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Tuesday, February 12, 2013
Mailbag: Kaepernick, NFL MVP and Armstrong

By crosss

I'm grateful to all of you who wrote emails to me in reaction to my columns lately. Yes, many of them were hateful and venomous and involved me acquiring nose cancer, but a full 17 percent of you spelled every word correctly, up 3 percent from the last mailbag. (By the way, mega-tool is not spelled with a “u”.)

We begin with my Colin Kaepernick column, which was about as popular with most readers as gout.

In this one, I told the story of how Kaepernick, the San Francisco 49ers star quarterback, was born to a white mother from a black father and then given by that mother to be raised by a white couple, Rick and Teresa Kaepnerick.

               

The birth mother, Heidi Russo, of Denver, has tried to contact Kaepernick for more than four years, but he has declined all in-person and phone contact with her. This is totally his choice, of course. I just pointed out that my adopted daughter's experience meeting her birth mother has been nothing but healing for both parties. Same goes for my wife, Cynthia, who was adopted off the Blackfeet Indian reservation of upper Montana, and has now become friends with both her birth parents.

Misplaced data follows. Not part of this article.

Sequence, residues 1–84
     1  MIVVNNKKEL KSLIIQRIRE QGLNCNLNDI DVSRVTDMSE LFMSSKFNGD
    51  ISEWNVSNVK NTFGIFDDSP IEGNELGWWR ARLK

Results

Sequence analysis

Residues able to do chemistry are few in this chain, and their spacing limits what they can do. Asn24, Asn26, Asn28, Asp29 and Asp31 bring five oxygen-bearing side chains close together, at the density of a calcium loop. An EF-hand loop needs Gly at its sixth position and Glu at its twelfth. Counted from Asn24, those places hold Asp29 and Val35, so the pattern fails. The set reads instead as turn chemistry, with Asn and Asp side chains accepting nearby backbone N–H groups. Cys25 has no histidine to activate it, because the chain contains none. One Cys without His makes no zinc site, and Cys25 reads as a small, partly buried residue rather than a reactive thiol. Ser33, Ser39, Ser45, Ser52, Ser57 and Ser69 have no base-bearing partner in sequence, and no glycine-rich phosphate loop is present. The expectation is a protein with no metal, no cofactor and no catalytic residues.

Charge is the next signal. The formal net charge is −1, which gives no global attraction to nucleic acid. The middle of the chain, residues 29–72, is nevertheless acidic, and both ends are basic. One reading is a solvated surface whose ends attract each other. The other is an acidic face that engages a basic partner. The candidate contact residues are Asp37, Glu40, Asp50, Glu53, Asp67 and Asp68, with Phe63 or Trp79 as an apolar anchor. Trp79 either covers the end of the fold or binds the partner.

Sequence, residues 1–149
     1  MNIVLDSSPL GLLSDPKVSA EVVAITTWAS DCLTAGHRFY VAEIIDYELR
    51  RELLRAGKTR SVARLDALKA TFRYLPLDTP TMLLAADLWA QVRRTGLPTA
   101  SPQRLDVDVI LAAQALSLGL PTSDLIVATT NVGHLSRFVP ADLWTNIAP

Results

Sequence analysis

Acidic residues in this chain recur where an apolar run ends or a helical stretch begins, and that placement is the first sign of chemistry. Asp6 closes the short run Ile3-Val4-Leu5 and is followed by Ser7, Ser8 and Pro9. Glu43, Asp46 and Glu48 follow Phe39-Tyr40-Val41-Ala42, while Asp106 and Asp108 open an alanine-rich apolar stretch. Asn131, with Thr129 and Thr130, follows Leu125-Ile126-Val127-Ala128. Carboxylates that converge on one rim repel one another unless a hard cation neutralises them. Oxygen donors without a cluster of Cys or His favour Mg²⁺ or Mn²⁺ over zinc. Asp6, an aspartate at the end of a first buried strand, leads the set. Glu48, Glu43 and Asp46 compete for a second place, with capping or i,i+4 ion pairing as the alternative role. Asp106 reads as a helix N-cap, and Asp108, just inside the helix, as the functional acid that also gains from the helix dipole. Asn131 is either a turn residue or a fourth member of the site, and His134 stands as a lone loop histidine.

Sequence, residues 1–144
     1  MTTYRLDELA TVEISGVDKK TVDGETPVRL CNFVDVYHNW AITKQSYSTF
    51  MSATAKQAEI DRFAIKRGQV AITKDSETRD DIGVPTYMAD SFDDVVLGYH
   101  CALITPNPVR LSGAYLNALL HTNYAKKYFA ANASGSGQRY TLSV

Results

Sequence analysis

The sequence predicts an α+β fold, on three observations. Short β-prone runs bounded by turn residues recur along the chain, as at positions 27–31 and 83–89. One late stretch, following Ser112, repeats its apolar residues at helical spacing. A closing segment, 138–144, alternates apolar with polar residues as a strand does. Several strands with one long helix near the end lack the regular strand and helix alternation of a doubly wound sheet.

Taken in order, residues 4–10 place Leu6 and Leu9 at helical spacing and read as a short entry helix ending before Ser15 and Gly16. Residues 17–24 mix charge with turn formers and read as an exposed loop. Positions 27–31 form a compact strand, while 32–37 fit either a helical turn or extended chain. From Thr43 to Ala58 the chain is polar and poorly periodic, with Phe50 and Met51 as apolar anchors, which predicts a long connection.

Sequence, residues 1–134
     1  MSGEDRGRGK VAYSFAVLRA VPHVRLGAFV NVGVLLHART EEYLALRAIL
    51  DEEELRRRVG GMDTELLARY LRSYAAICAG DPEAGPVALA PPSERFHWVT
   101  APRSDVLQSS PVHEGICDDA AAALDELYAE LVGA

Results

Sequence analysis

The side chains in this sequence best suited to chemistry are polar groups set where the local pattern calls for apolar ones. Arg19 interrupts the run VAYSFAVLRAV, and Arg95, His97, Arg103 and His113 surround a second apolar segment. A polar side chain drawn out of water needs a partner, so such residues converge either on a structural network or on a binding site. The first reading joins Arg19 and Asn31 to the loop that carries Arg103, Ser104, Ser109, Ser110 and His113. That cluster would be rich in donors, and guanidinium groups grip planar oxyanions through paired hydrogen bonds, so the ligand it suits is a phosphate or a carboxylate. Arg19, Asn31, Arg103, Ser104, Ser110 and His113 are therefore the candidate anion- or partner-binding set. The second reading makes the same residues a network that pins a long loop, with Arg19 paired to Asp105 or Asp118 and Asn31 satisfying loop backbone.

The reaction was furious. Almost 90 percent of those who wrote said it was absolutely none of my business. Said I was putting my nose where it doesn't belong. Said I was bullying the kid. I wasn't. I was just relating my life experiences with adoption.

But we start with an email from the birth mother herself:





 

How can I “out” a half-black player who greets his white parents after every game with a hug and kiss? It’s pretty much “out” that he’s adopted, don’t you think?



 


 

Didn’t have to write about his decision, I wanted to. I’ve written often about adoption, and because of my daughter and my wife, we hear stories constantly about reunions with birth parents and how wonderful it is for all parties. I don’t think I’ve ever heard one case when it went south. Of course this is Colin’s choice, 100 percent, and I’d never criticize him for not meeting with her. I’m just saying that so many young people wrongly think it’s a slap in the face of their real parents to even meet with birth parents. It almost never is. The Kaepernicks are wide open for their son to meet with Heidi Russo. They’ve met with her recently themselves.



 


 

Got boatloads of feedback on my admission that Lance Armstrong had been lying to me for 14 years and I'd been a fool to pass that lie along to my readers. My boiling point came when he sent me a two-word apology: "I'm sorry." I suggested it was me who was the sorriest.

Readers did not let me off the hook for being so gullible.